when a recruiter asks for your height, weight, age, and marital status

A reader writes:

I sent a resume to a recruiter and he then sent me a survey to complete. The survey was laden with questions that are illegal to ask in the employment process. Yet several friends of mine said this is how employers are bypassing EEO requirements. They simply use an outside firm and say, “We want an unmarried male under the age of 30 with the appropriate height and weight.” They can’t advertise this but they can certainly tell the recruiting firm they want this profile in a candidate. As an older career changer on the stocky side, I tend to rather sensitive about questions about my marital status, height and weight.

I stated this in my response to this particular recruiter and I was amazed by his email to me, which follows:

Thanks for responding – in reference to your comments – we don’t discriminate for any reason – it is illegal to not hire someone because of their answers to those questions…frankly, we don’t care..it is just information that many times we are asked by clients – it may open a door, not close one. We are not the enemy, we are your best ally – we try to get you in the door.

I’m amazed that people fill that information out in every other walk of life..i.e…life insurance forms, license forms, census.. etc.. and they never complain.

This reader forwarded me the questionnaire he was asked to fill out. Here are the questions it contains, in its entirety:

1) Current or most recent base salary? Bonus earned? Auto program?
2) Do you own your home? Are you open to relocation? Any location preferences?
3) Are you married? Children?
4) What is your birth date? Health? Height? Weight?
5) Why are you looking for a new opportunity?
6) If separated from company, separation date?
7) Any special parameters you want us to keep in mind for your search?
8) Any other information you feel we should know that is not on your resume?

As I’ve said before, the act of asking about things like marriage, children, and age isn’t illegal, but considering the answers in an employment decision is. So it’s just stupid to ask them, and anyone who’s done hiring and ever talked to a lawyer doesn’t use them. (In the U.S., that is. I know they’re not uncommon elsewhere.)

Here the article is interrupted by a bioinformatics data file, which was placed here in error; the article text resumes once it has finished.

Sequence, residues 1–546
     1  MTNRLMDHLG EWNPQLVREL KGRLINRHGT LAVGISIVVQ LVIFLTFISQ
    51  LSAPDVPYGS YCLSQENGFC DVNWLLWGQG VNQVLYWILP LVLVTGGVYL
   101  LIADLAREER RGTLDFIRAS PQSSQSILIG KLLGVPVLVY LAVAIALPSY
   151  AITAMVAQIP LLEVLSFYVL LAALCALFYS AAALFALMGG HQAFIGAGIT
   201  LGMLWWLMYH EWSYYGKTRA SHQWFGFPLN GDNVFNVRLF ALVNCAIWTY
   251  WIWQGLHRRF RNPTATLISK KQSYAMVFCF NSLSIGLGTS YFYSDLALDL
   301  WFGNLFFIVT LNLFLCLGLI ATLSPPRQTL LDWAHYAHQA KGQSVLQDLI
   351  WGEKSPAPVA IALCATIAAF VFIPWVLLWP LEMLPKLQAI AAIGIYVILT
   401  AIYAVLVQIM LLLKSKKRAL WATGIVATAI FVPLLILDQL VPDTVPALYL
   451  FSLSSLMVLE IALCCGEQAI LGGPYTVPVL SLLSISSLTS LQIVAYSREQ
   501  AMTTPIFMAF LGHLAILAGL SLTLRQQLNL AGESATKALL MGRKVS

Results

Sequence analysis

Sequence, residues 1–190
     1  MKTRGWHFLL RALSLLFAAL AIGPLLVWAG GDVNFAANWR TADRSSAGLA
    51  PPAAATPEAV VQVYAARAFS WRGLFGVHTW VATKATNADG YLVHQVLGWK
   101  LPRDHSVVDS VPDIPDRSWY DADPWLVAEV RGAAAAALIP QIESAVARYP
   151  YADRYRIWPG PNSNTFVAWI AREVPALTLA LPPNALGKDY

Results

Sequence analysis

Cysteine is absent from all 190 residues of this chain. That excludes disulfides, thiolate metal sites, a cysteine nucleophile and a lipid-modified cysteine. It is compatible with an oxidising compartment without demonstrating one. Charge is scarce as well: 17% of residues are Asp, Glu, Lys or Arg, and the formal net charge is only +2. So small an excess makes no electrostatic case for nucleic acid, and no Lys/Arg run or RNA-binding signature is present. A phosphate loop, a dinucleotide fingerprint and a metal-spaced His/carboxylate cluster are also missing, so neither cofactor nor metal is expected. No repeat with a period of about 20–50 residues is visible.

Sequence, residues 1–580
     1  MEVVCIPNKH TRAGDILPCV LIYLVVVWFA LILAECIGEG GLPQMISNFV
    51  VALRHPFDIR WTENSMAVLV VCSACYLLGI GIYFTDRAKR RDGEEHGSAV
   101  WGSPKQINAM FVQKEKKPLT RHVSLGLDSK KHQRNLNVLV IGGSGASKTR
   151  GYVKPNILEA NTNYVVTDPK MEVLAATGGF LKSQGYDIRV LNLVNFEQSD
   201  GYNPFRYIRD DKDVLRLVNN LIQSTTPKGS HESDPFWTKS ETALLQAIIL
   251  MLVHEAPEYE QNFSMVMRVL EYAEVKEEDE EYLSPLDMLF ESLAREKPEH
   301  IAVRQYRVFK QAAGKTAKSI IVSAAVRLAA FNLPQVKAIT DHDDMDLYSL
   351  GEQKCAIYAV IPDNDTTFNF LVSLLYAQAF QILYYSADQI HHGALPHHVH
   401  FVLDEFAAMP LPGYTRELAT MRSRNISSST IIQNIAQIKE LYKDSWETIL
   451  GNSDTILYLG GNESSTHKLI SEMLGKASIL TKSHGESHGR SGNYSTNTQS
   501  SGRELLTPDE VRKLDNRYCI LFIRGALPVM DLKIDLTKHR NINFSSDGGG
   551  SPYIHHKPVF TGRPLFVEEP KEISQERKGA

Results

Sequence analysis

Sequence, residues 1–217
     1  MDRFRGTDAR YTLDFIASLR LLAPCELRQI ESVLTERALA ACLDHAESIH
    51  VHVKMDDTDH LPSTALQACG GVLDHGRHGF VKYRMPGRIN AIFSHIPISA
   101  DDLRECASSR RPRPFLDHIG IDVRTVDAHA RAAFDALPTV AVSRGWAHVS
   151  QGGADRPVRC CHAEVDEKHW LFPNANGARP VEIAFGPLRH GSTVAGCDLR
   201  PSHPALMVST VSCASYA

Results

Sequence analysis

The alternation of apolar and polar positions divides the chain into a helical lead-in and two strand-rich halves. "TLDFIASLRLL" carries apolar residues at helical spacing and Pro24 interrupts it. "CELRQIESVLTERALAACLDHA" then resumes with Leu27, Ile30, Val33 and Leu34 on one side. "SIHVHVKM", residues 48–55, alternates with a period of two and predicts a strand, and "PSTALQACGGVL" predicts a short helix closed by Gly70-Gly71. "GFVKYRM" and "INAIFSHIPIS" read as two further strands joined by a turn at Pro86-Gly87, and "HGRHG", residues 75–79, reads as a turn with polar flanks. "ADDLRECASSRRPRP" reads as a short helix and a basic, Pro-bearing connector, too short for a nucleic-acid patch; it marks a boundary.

This questionnaire is amazing. Who is this recruiter? (Also, how stupid is he? If he really wanted to know this stuff, he could figure most of it out in person through casual conversation.)

I especially love his last paragraph, defending himself. You fill out this information on insurance forms (where it’s, uh, relevant), so why not turn it all over to him too? And why not throw in a naked photo while you’re at it?

Anyone want to take a whack at this guy? Or defend him?

{ 29 comments… read them below }

  1. spence*

    of course it's "technically illegal"

    but its also a fed gov regulation which is never… ever… enforced…

    in the employers minds? "do you want the job or not… if so you will answer…"

    unless you are applying for a fed gov position the employee has no viable recourse…

  2. Deirdre*

    I think it would be really fun to put his/her name on your blog, send it to every HR blogger online, on FB and on Twitter and shame this loser into a new field.

    And we could all do a blog of shame on this recruiter. I will.

    Jeez, I can't EVEN imagine this.

  3. The Gold Digger*

    Not only that, but I do complain when asked for this information. I tried putting "human" when asked for "race" on both my marriage license and on the census. (And when I was signing up to take Portuguese at night school in Miami. My race was relevant why?)

    The woman at the county clerk's office refused to process my marriage license with that answer. The census bureau actually called me to ask for a different answer and I refused to cooperate. None of their business and irrelevant.

    So this guy is wrong. I complain all the time and only answer when I have no recourse.

    1. Melissa*

      The Census Bureau asks for that information because the job of the Census is to draw a picture of the population of the United States. They want accurate counts of how many people are in what racial and ethnic groups, and where they live. Thousands of researchers all over the country use that data to do research and create social benefits programs.

      I work as a researcher myself, and people often think it’s cute to put “human” as their race on forms like they’re making some kind of statement. All you’re doing is making sure that you don’t get counted in the study, because if we’re doing analyses on things that we KNOW are influenced by race and we need to statistically adjust for that – or if we are trying to see if certain important social issue are influenced by race (like test scores so we can start a free testing prep program for kids of color, or like disease transmission so we can make sure doctors are culturally prepared to work with people from that racial/ethnic group) – we drop from our analyses people who refuse to state their race or put things like “human.” The analysis doesn’t work if they are included. That decreases the predictive power our tests have.

      It’s your right, of course, but you’re only frustrating the researchers who are trying to do things like that. Same thing with vital statistics, since researchers also use that information.

  4. Inside the Philosophy Factory*

    It seems to me that any company using this bozo to do hiring is opening themselves up to a lawsuit — why ask the question if it isn't going to impact hiring?

  5. Kerry*

    If the questionnaire didn't tell you the headhunter was an idiot, the last paragraph in the email surely did.